Distal Bicep Tendon Pain

The front muscle of your upper arm is called the biceps muscle. This muscle attaches to the shoulder via two tendons and is attached to the elbow bone via one tendon. The latter tendon is also called the distal biceps tendon. Pain in distal bicep tendon is not uncommon. It is mainly due to tendinitis and rupture of the tendon.

Pain Caused by Bicep Tendon Tendinitis


The symptoms of distal bicep tendon pain are due to inflammation which may be caused by any of the following:

  • Ÿ   Tendon strain due to a sudden increase in intensity or amount of activity.
  • Ÿ   A direct blow/injury to your elbow, which is not common.
  • Ÿ   Overuse/repetitive bending of the elbow or rotation of the wrist.


1.   R.I.C.E. Method

The initial treatment for pain and inflammation in the first 3 days consists of the R.I.C.E. method. This means rest (R), ice application (I), compression with a bandage (C), and elevation of the affected limb (E). Aside from these, anti-inflammatory medications may be used if pain and inflammation are not relieved.

2.   Physiotherapy

This form of treatment promotes rapid healing, ensures optimal outcome, and reduces the risk of recurrence of distal bicep tendon pain. It may include any of these:

  • Massage
  • Ultrasound/electrotherapy
  • Joint mobilization
  • Stretches
  • Ice/heat treatment
  • Strengthening exercises
  • Education
  • Anti-inflammatory treatment
  • Advice on activity modification
  • Gradual return to activity

3.   Other Treatments

If your pain does not improve even after appropriate physiotherapy, further investigation may be needed, which may include X-ray, ultrasound, MRI/CT scan, medical intervention, corticosteroid injection, and referral to the specialists.

4.   Surgery

Surgery for tendinitis is rarely needed, especially if there is evidence of gradual improvement. However, occasionally it may be indicated if conservative management for six months fails. Acromioplasty and anterior acromionectomy are the standard procedures for bicipital tendinitis. 


Recovery from distal bicep tendon pain due to tendinitis may occur within six weeks with conservative treatment, although this may vary considerably depending on the severity of injury, hand dominance, and your activity level.

Most people resume their usual activities within two weeks after surgery. However, you must avoid lifting or carrying heavy objects during this period. Strengthening begins after three months. Your ability to return to previous activity levels depends on various factors, but it is often within three to six months.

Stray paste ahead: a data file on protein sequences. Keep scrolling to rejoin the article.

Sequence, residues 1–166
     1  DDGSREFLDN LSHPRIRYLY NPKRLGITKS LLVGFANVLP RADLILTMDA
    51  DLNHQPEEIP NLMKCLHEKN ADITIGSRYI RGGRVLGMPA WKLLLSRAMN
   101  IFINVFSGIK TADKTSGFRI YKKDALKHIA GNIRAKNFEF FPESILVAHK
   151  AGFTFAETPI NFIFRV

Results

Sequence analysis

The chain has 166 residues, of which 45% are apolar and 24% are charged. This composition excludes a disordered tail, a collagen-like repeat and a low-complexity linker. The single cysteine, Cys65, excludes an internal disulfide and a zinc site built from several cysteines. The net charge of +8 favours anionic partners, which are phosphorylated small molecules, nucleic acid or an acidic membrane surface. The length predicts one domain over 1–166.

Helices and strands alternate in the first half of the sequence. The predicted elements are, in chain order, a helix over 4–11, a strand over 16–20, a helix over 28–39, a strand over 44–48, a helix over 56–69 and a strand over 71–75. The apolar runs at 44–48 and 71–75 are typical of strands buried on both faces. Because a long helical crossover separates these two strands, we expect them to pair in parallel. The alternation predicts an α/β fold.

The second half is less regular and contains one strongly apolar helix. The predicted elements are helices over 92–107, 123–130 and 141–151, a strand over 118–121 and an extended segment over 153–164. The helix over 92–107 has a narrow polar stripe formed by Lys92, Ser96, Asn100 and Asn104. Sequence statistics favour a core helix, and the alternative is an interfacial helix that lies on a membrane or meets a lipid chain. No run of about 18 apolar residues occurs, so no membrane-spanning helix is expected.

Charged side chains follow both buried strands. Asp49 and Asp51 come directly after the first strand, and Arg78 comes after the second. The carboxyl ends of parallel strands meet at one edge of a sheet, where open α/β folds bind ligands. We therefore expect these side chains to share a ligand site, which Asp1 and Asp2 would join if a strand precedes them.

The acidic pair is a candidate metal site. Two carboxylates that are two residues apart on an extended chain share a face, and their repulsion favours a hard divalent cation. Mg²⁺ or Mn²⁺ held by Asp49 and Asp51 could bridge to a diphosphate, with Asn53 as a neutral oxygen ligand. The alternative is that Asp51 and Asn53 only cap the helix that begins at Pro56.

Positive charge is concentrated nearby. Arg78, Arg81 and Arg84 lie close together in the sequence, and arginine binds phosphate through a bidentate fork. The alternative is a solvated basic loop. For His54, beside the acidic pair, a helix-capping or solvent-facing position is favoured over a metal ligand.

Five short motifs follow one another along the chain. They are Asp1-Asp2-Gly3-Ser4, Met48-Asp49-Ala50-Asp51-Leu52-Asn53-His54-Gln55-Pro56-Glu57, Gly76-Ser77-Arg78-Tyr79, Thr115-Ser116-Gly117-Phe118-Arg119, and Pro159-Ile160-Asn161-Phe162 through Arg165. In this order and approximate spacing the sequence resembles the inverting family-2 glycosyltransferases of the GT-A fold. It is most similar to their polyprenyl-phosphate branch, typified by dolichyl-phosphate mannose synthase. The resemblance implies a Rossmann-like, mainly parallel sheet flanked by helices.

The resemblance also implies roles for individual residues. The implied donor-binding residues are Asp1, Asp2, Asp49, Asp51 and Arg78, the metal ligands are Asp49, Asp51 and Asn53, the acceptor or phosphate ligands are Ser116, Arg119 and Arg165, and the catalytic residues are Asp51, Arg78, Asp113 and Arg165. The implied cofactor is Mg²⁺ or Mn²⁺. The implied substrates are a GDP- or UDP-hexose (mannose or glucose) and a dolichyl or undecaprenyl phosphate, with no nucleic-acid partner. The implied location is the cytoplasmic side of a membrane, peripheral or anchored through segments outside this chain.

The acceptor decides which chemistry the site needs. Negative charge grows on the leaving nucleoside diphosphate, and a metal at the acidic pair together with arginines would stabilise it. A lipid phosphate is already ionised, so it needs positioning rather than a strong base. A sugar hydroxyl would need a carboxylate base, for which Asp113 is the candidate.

Pain Caused by Distal Biceps Tendon Rupture


Rupture of the distal biceps often occurs when you lift a heavy item with your elbows bent. Usually, it is because the load is heavier than you have expected, or the object being carried shifts unexpectedly during lifting. Your biceps muscle contracts very hard to be able to handle the heavy load, and as muscle tension increases, the distal tendon tears or snaps where it is connected to the radius.


1.   Self-Care

Your doctor may advise you to rest your elbow and modify your activities to help reduce swelling and distal bicep tendon pain. Non-steroidal anti-inflammatory medications like ibuprofen may be prescribed to relieve pain. Although these will help you bend your elbow, you will experience a decrease in ability to twist your elbow and surgery is most often prescribed within several days after the injury.

2.   Surgery

Surgery aims to reattach the biceps tendon to the radial bone in patients who sustain a full tear of their distal biceps tendon.

3.   Splinting

Certified therapists can design custom-fit splints for your joint to act as a brace to support the elbow and limit stress during activity. You may also use a sling for additional support.

4.   Hand and Elbow Therapy

Certified therapists often work closely with your doctors to customize therapy and your rehabilitation program in order to restore function to your elbow. They provide patients with exercises and materials to maximize elbow function recovery.


Immediately after your surgery, the surgeon may place a cast around your elbow which may stay for up to 6 weeks. Some surgeons use a special brace to allow a range-of-motion for your elbow within 1-2 weeks. At the start of your therapy, you may need ice application and electrical stimulation to help control swelling and pain from surgery. The therapist may also apply massage and other hands-on treatments to relieve muscle spasms and pain.

You will also gradually start to do exercises to improve movement in your shoulder, forearm, and elbow. However, you need to avoid doing too much exercise too quickly. Exercises involving the biceps muscle should be avoided until after at least 4-6 weeks after surgery. You may begin with some light isometric muscle strengthening exercises that work your biceps muscle without straining the tendon.

After six weeks, you can start doing active strengthening exercises. Your therapist will coach you about exercises to help strengthen and stabilize the arm muscles and joints, without putting too much stress. You may need therapy for 2-3 months, but it may take 4-6 months to be able to safely begin forceful biceps activities.

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